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Ralph H. Johnson VA Medical Center


Prostate Cancer Awareness

Doctor holding blue prostate cancer awareness ribbon

September is Prostate Cancer Awareness Month. Charleston VAMC Chief of Urology encourages Veterans to get tested for prostate cancer during their annual physical exams.

By James W. Huckfeldt, Public Affairs Specialist, TCF Intern
Monday, September 26, 2016
September is a time for summer heat to break and leaves to start changing color--it is also Prostate Cancer Awareness Month.

"Approximately 250 to 300 Veterans are diagnosed with prostate cancer annually at the Ralph H. Johnson VA Medical Center," Charleston VAMC's Chief Urologist Dr. Stephen J. Savage said. "Prostate cancer is one of the most common types of cancer for men, but it's also one of the most treatable."

The Castle Connelly Top Doc notes that when men are regularly screened for prostate cancer, then prostate cancer does not manifest symptoms. It is commonly held belief that men should seek out evaluation for risk of prostate cancer when they have trouble with urination or sexual activity, but that is rarely the case.  In those situations, men may still benefit from a urologic evaluation. However, prostate cancer is easily detectable and Savage urges men to receive a prostate exam during their  annual physical and to have a Prostate Specific Antigen (PSA) blood test drawn at the same time.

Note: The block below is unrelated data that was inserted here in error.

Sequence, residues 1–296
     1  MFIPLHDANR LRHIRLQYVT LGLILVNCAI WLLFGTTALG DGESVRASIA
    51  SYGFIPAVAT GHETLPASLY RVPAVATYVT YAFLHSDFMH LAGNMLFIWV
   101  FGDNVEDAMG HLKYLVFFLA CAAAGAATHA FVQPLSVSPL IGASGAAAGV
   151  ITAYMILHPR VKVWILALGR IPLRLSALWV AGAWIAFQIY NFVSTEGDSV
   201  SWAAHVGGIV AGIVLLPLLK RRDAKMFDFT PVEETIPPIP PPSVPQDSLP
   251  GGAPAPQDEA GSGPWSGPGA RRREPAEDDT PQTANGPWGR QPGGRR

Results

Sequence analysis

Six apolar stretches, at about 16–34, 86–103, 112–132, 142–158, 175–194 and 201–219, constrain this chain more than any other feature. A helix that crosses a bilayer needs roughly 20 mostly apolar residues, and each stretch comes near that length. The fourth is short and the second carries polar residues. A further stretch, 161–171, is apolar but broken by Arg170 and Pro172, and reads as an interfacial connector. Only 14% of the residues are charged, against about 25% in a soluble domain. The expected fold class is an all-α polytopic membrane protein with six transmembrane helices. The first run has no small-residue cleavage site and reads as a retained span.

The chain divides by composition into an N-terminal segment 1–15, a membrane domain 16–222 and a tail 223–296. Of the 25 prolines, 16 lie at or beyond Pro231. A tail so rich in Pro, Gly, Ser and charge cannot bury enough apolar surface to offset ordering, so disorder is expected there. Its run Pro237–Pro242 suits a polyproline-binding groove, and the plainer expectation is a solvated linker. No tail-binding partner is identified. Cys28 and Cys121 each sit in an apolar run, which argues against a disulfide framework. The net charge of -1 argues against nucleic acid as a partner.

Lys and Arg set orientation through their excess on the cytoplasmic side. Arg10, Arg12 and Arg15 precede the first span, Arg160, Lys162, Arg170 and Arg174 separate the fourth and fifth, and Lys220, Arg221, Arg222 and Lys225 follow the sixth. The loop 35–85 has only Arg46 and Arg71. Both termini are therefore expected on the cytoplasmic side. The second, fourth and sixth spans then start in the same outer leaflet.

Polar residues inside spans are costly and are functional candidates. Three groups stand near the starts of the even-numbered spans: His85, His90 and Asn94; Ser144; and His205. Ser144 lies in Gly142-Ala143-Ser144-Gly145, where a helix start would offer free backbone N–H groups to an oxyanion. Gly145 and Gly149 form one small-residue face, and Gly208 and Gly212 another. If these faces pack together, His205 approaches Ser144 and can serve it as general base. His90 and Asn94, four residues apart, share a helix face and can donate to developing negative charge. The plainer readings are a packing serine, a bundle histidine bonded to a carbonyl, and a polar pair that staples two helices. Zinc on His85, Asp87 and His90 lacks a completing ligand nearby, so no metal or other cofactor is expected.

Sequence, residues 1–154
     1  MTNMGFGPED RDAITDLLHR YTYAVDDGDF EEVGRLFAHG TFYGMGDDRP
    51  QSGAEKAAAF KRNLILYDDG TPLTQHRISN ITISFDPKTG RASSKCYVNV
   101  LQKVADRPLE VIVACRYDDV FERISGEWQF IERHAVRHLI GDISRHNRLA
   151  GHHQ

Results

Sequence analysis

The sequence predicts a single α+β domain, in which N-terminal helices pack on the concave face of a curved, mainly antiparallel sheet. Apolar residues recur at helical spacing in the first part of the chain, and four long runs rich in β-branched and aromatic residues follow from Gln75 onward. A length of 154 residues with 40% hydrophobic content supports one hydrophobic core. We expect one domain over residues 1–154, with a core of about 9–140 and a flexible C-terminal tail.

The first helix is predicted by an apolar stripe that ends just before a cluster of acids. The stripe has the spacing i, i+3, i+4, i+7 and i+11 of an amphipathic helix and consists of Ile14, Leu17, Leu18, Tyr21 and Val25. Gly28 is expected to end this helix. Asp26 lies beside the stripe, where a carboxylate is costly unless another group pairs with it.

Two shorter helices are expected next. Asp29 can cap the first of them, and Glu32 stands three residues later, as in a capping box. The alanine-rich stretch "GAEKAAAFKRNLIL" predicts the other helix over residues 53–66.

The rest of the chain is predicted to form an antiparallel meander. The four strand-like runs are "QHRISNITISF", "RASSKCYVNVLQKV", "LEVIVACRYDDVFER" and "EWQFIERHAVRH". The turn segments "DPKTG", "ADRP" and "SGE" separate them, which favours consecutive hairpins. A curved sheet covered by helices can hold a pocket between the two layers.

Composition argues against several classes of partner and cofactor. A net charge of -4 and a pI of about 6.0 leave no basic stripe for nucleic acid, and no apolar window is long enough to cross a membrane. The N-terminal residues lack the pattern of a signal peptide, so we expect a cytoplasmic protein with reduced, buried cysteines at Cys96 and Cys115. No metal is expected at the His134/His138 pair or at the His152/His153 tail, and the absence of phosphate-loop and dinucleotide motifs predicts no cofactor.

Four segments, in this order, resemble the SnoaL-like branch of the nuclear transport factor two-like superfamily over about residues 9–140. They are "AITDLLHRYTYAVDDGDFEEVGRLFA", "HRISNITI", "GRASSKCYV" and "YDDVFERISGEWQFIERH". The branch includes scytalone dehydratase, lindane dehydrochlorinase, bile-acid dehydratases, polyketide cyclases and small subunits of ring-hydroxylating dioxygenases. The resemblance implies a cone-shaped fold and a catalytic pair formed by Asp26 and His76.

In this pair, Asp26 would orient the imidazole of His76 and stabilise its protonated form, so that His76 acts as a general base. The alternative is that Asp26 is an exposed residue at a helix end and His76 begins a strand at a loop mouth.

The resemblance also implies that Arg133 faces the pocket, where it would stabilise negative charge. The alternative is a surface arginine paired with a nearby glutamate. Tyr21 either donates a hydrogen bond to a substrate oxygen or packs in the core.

Savage recommends that African Americans and Veterans with a family history of prostate cancer start receiving exams at age 40. According to the National Cancer Institute, prostate cancer occurs more often in African American men than Caucasians, and they are more likely to die from the disease. Other Veterans with differing demographics can start receiving examinations at age 50--but it's never too early for Veterans to start getting checked. Vietnam Veterans who were exposed to Agent Orange are also at an increased risk for prostate cancer and are urged to get screened if they have not already done so.

"Early detection is very helpful," Savage said. "The sooner we find and characterize prostate cancer, the sooner we can determine an appropriate treatment regimen to increase the Veteran's life expectancy.  At times, this may also include simply monitoring the cancer"

Savage doesn't want Veterans to be overly concerned about prostate cancer because of the high treatment success if they receive annual screenings. He also suggests that Veterans not read too deeply into any physical exam and PSA results via MyhealtheVet prior to a follow-up or consult with their provider.

"PSA levels mean different things for different people," Savage explains. "The PSA is not a perfect test and requires interpretation by a urology practitioner so the Veteran can be counseled with accurate results."

If you are age 40 or older, have the conversation with your primary care provider about having your prostate examined during your annual physical. 


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